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Are We Looking at a New Era of Smaller, 3D Printed Space Satellites?
MODENA, Italy– CRP USA may be setting the stage for a new era of reduced size, high reliability, 3D printed space satellites. The latest satellite manufactured by CRP USA is TuPOD, reported to be the first complete 3D printed satellite to be launched from the International Space Station. The unit, encompassing a 3U CubeSat with a deployment platform for two smaller satellites (TubeSats), incorporates Windform® XT 2.0 carbon fiber–reinforced composite material (www.windform.com/windform-xt-2-0.html) supplied by CRP USA. Known for its superior mechanical properties, Windform XT 2.0 has passed outgassing screening at NASA and is suitable for space applications, CRP USA said in a press release.
As demand grows for cost effective "nanosatellites," CRP engineers are innovating, adapting existing technologies, and pushing technological boundaries. Because TubeSats are cylindrical in shape and not compatible with the normal CubeSats deployer platform (P–POD) on ISS, an innovative nano–satellite, TuPOD (Tubesat–POD), was developed to address the issue.
"Using Windform® XT 2.0 material in the 3D manufacturing of TuPOD was one of the best decisions we have ever made," commented Amin Djamshidpour, designer of TuPOD, in a statement. "During the prototyping phase and even during final manufacturing, we got into multiple situations where we needed to drill parts or make small modifications to the 3D printed structure. Working with Windform® XT 2.0 gave us the ability to do so."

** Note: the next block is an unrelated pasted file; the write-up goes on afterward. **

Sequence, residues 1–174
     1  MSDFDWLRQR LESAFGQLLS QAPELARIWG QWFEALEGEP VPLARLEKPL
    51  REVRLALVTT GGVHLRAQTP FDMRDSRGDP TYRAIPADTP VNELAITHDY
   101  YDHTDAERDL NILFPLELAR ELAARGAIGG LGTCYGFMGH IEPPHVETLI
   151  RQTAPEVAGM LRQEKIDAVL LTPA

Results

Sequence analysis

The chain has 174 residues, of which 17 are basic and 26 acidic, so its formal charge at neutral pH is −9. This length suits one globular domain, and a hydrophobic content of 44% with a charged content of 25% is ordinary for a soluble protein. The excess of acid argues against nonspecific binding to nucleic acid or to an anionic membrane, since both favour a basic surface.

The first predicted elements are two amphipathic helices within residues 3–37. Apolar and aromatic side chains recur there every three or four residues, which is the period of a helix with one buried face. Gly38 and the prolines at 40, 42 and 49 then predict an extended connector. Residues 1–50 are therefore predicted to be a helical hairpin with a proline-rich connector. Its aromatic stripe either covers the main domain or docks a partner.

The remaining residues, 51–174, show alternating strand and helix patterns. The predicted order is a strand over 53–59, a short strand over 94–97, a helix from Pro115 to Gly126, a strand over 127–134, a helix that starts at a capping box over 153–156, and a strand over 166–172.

The TubeSats contained within TuPOD are the results of different collaborations. The concept for TANCREDO–1 was developed by Brazilian students from Escola Municipal Presidente Tancredo de Almeida Neves; and INPE, as part of the UbatubaSat Project. OSNSAT was developed by the Californian company, Open Space Network.
The TuPOD satellite/deployer is the result of a successful international collaboration between CRP USA (manufacturer), Teton Aerospace (Tetonsys), Morehead State University, JAXA, and the TANCREDO and OSNSAT teams.
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